Sunday night ratings send strong message to owners who want a lockout

In past years, regular-season NFL football has at times generated better television ratings than postseason baseball.  And preseason football routinely outdraws regular-season baseball.

This year, however, a pennant-clinching game between the Yankees and the Angels beat the Sunday night game featuring the Cardinals and the Giants, the last two NFC representatives to the Super Bowl.
Per Michael Hiestand of USA Today, the baseball game rang up an 11.4 overnight rating, which means that it was viewed in 11.4 percent of television households in the top 56 urban markets.  Cardinals-Giants registered a 10.4 rating.
So at a time when some owners are pushing for a lockout — and when the union has at times adopted a “bring it on” posture — we hope that both sides will realize that the American public has options, and that the sports world would continue spinning in the event the NFL decides to shut its doors for a year or so in the hopes of cramming a bad deal down the players’ throats.
That said, high-stakes postseason baseball should outdraw a regular-season NFL game.  Indeed, there will be no Sunday night game in Week Eight because the NFL traditionally avoids going up against the World Series.  And the fact that the numbers were close is further proof that football is the preferred spectator sport.
Still, with college football and postseason baseball and hockey and basketball, folks would miss the NFL — but they also would find plenty of other things to watch and/or do if pro football went away for a while.
And some of them might not come back when the NFL finally does.

45 responses to “Sunday night ratings send strong message to owners who want a lockout

  1. I’m a Bucs fan, I haven’t technically seen real football in nearly a year. A lock-out? Big deal, maybe that’s the only way some fans of the more successful teams will ever feel my pain.

  2. You don’t mention that the POST season baseball game featured both the NY and the LA markets, while the regular season football game featured the NY and……..Arizona.

  3. I think I’m speaking for every NFL fan when I say that if the NFL went away, I would just drink more and pass out sooner. I would NOT watch baseball. My standards of sports entertainment rest with football, and football alone.
    I honestly didn’t even know the baseball playoffs had started. That’s the beauty of the NFL Network–no baseball!

  4. As a 28 year old who remembers the early-nineties baseball strike vividly I can say that the NFL will permanently lose fans if there is a work stoppage of any kind. Growing up I was avid about two teams, the Steelers and the Pirates. It’s hard to say whether I liked one team better than the other but I never missed a game and my day/week was ruled by the outcome of each game. After the strike I had only one team. It has nothing to do with the Pirates being lousy for the past 17 years, hell I still follow them. Just without the passion. I can honestly say there is something that corrupts the game allowing a business disagreement to stop play that just takes the magic away from it.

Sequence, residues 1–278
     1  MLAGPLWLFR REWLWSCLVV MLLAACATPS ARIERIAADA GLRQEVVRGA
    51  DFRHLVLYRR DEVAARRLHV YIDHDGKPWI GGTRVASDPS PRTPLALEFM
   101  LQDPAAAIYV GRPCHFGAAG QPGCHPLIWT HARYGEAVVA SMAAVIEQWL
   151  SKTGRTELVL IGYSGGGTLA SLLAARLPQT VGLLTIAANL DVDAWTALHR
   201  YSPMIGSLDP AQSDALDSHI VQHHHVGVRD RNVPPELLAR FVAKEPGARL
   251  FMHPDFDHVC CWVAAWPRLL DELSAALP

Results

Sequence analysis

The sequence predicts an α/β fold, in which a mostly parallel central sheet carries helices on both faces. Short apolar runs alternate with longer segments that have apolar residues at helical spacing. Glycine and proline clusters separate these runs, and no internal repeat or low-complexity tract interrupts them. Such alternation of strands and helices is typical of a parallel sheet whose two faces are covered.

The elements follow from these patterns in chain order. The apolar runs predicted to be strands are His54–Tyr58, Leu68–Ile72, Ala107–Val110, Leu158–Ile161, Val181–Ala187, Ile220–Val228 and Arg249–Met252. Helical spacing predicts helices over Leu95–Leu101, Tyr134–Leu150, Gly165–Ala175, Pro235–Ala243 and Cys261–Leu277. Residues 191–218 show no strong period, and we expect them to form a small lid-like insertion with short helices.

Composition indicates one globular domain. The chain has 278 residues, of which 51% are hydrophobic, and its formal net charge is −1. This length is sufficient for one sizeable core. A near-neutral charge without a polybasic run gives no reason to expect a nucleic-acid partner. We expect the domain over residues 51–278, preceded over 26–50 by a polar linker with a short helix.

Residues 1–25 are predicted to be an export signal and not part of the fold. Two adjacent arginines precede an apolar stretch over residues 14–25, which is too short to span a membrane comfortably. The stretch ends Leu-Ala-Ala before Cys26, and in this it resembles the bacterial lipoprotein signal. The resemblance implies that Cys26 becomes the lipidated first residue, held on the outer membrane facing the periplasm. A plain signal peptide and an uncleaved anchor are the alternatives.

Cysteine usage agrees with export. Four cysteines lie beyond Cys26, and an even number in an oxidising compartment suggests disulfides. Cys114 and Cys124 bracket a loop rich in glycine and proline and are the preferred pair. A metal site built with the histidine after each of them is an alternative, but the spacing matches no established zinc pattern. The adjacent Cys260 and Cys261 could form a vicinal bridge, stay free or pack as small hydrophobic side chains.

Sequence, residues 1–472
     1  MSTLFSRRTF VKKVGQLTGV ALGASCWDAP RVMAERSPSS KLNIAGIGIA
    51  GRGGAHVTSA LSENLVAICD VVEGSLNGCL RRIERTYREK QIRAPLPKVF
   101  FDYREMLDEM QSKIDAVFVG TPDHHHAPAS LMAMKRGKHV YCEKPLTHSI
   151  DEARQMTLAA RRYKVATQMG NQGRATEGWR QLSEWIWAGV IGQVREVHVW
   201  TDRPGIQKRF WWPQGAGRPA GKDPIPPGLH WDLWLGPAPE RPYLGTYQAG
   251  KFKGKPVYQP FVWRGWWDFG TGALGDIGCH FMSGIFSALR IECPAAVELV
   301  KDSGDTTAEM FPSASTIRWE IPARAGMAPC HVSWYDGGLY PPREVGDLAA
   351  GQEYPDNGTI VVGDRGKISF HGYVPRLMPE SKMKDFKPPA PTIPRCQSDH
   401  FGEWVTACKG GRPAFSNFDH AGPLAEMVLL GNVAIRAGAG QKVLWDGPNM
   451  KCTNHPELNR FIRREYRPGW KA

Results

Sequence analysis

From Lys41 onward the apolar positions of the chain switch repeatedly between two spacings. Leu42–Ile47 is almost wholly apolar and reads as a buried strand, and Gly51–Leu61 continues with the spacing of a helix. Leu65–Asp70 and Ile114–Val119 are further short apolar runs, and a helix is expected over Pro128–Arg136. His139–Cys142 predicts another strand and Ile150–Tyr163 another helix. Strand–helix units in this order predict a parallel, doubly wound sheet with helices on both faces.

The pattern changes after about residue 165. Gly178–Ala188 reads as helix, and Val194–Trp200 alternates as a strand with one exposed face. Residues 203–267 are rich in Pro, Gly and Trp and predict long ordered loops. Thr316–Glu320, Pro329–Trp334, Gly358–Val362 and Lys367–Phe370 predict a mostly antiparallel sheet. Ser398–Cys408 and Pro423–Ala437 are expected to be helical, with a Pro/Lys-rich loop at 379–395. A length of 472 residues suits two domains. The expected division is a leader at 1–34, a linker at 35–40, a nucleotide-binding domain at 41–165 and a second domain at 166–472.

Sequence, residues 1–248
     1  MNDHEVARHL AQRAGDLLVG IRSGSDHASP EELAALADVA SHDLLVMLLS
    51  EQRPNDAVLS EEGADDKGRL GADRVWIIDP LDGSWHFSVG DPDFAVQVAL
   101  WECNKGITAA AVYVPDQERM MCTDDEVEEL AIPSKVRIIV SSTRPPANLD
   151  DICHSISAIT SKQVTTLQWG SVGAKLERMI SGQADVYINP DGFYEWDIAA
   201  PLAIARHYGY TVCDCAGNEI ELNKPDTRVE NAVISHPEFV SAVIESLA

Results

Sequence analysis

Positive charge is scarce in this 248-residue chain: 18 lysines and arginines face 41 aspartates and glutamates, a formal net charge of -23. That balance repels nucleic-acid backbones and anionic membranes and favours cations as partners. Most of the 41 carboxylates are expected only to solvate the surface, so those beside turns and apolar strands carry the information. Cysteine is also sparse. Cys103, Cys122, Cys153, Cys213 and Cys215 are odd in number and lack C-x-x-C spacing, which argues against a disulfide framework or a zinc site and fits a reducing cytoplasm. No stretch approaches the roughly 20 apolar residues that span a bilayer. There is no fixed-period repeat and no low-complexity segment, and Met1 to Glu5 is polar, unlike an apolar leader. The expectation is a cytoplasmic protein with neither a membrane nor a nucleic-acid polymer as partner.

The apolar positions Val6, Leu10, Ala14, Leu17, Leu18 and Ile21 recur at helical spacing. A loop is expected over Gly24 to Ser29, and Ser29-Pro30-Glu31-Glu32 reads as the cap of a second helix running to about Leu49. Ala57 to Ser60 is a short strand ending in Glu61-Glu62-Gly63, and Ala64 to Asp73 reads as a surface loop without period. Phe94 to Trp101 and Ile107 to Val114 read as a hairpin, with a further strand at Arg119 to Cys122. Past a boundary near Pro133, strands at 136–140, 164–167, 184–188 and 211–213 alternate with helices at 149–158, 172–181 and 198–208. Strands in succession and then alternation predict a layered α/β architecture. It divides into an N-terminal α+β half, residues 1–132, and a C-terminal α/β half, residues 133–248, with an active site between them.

God Bless America and Go Steelers.
    and let greed not interfere with all our livelihoods.

  5. Thank you Florio. Please keep writing about the utter stupidity it would be for the union and owners not to come to an agreement. Not only do people have other choices (and they will exercise them) but for both these sides to be acting like the greedy bastards they are when there is plenty of money to go around for them is a dangerous business right now. Most of their fans are hurting financially in this economy and it isn’t the best time to be arguing over their billions of dollars.

  6. “folks would miss the NFL — but they also would find plenty of other things to watch and/or do if pro football went away for a while.”
    If my NFL ever goes away for any significant period of time, I predict there will be a huge baby boom about 9 months later. If I can’t watch football, all I want to do otherwise is … well you get the picture.

  7. I’m always amazed that when post-season baseball beats regular season football, there’s an immediate over-reaction in the media about how the gap might be closing between the two sports, or that the NFL is truly not the “King” of the sports-world. I’ll give credit to Florio for pointing out how awful baseball is as a draw in the regular season, but one night of baseball narrowing beating out the NFL is nothing that the owners are going to fear. (I’d also bet that most people were flipping between the two games.)
    Unless the players agree to what the owners want (more games, less money for player salaries) there will be a lockout.

  8. I would rather watch a rerun of the 1997 NFL Draft than a deciding World Series game. In fact, I’d rather watch Mel Kiper’s hair grow than watch a baseball game.

  9. For me, I hate the Yankees and the Angels…so guess what I was watching…that’s right, Giants vs Cardinals. If there is a lockout…then I would so bored with Yankees playoff games

  10. Im a Skins fan and even I would hate no NFL. To top it off not getting a new Madden would be even worse.

  11. Why the people watch doesn’t matter. However, the NFL, like it or not, depends on gambling and fantasy football for their numbers. (Think of how many guys on both teams last night are key fantasy players). Baseball, on the other hand, had its viewers out of sheer interest.
    I wouldn’t be so quick to credit L.A. for the high ratings. The Angels are stepchildren there.
    I do wonder how they rate people like me that watched both at the same time, one online (and not on the NBC website I might add) and one on the regular sweet HDTV.

  12. I quit watching baseball when they chose to strike and the World Series was cancelled. I only came back when the Devil Rays were born.
    I quit watching Hockey for the same reason and never went back since the Lightning wasn’t allowed to celebrate their Stanley Cup.
    There’s no question that if the owners get greedy and lock out the players and we lose an NFL season….I’m done with the NFL and I’ll watch the NBA.